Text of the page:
A fractured wrist occurs when one or more bones break in the radius or ulna. A person can fracture their wrist at work, while playing sports or by falling down. A lack of calcium can also make the wrist more susceptible to a wrist fracture. This type of injury can take up to 10 weeks to heal. Exercises are then recommended for rehabilitating and strengthening the wrist.
Types of Wrist Fractures
There are basically two types of wrist fractures: Colle's and scaphoid. A Colle's fracture typically effects the end of the radius bone in the forearm (thumb side) Elderly persons are more likely to get this type of fracture. Scaphoid fractures occur between the radius and scaphoid bone--near where the wrist and thumb are connected. This injury is common among young athletes. The various exercises are similar for both types of fractures, but you should not commence the exercises until the bone is healed.
Flexing and Stretching Exercises
These exercises strengthen and build flexibility in the forearm muscles and wrist. People who have had broken wrists have usually lost a considerable amount of both.
Forearm Rotations: While on a chair or standing, press your arm against your side and bend your elbow at 90 degrees. Open your hand and hold it out with your palm facing upward. Slowly move your thumb inward until your palm is facing the floor. Try to stretch the muscles a few seconds, then return to the starting position. Do 10 repetitions. This exercise will help re-acclimate the extensor and flexor muscles in the forearm to movement again.
Wrist Bends: Sit on a bench or chair. Place your hand palms down over the edge of the bench or your knee. With your hand open, lower it as far as you can and stretch the forearm muscles. Then raise your hand up and flex it toward you. Do this 10 times. Your forearm muscles have likely tightened a bit. This exercise will get them accustomed to movement again.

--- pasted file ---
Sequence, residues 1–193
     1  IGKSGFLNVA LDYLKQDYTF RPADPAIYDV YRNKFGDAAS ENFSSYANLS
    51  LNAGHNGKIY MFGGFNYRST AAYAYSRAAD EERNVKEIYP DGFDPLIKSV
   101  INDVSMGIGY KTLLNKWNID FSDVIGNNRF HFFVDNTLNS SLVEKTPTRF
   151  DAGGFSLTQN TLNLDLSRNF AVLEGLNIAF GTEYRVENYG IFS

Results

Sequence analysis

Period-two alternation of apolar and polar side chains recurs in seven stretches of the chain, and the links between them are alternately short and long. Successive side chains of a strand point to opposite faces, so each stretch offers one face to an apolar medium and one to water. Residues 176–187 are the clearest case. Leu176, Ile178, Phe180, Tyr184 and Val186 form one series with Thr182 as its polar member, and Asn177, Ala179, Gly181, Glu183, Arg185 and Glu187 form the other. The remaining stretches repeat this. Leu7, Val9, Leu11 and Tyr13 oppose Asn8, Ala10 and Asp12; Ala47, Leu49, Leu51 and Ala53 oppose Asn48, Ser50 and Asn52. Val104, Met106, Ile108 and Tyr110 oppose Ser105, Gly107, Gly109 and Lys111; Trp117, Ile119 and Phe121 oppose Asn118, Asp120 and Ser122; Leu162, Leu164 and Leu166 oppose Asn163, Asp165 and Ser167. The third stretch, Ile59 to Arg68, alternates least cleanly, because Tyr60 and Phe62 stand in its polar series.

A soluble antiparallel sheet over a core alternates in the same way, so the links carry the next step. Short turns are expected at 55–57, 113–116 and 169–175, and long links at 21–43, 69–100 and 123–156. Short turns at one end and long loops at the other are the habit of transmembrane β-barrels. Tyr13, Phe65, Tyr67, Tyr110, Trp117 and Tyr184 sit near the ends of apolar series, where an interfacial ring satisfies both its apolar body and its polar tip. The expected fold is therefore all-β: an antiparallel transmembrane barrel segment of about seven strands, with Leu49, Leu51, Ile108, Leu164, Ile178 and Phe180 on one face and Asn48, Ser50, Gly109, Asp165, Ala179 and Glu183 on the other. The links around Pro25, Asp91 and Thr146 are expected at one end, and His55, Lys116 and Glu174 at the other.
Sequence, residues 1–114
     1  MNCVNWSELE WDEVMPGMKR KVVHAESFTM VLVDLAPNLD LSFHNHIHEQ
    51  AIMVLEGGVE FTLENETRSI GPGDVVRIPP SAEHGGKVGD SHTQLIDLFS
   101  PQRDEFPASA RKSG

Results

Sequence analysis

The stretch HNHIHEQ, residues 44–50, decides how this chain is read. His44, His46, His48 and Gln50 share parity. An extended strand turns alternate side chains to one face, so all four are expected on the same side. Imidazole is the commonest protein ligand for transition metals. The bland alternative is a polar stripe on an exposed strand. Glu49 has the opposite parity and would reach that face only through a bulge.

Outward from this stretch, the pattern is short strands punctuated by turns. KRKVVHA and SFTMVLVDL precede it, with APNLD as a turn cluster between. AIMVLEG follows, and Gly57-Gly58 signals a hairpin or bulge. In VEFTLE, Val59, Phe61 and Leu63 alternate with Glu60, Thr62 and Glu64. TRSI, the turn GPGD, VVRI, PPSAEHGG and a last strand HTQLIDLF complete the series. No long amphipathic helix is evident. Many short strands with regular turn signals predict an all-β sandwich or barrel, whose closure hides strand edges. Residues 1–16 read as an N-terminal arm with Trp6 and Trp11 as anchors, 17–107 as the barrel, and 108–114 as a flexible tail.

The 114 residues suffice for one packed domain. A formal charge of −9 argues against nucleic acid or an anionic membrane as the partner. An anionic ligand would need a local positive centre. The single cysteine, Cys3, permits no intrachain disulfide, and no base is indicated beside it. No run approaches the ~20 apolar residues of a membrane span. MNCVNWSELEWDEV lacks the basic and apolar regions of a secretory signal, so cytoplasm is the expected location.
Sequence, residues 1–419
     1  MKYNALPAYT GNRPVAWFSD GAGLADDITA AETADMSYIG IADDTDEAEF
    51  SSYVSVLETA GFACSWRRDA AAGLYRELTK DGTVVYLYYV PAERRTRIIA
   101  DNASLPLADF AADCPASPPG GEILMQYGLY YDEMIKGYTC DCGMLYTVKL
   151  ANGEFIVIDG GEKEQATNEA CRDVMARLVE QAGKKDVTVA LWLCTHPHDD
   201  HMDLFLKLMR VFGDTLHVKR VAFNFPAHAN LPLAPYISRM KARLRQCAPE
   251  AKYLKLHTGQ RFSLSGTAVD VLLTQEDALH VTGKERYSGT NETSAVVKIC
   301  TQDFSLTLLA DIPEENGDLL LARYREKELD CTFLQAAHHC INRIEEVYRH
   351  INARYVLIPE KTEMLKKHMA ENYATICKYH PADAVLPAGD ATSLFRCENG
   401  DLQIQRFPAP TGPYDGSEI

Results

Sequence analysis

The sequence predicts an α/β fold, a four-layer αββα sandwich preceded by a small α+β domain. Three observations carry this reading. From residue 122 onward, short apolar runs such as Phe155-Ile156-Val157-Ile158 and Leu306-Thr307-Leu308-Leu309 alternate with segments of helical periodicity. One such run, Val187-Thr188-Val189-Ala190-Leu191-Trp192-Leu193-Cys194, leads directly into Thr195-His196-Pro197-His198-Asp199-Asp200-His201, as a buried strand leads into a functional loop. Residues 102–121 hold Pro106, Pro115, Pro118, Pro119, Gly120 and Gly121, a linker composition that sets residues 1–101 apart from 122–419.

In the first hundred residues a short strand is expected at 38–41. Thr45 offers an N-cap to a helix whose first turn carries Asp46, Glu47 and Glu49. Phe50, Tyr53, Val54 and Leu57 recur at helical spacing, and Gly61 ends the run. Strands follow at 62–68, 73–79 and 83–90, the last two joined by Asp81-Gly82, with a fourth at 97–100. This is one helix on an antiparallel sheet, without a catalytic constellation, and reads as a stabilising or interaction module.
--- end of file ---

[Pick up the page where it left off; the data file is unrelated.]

Left-to-Right Wrist Bends: While assuming the same position, place your palms downward. Slowly move your hand to the left, then to the right. Stretch them as far as you can on each side. Repeat for 10 complete repetitions.
In these exercises, you are stretching your forearms different ways while preparing it for renewed activity.
The following exercises build strength and lost muscle size back in your wrist and forearm muscles. Limit these exercises to 2-3 times per week.
Tennis Ball Squeeze: Holding a tennis ball in your hand, squeeze it for 5 seconds, then relax. Repeat this exercise for 10 repetitions. This is your first real compression exercise for building strength.
Wrist Curls: Pick up a light dumbbell. Sit on a bench and place your hand over the edge of it (palms facing upward). Slowly curl the dumbbell toward you, then lower it down. Do 10 repetitions. You will eventually be using more weight, but start out lightly so you get used to the movement.
Reverse Wrist Curls: Using an even lighter dumbbell (palms facing downward), lower the weight down then bring it back up. The extensor muscles on the outside of the forearm are not as strong as the flexors. Be sure to flex the muscles at each end.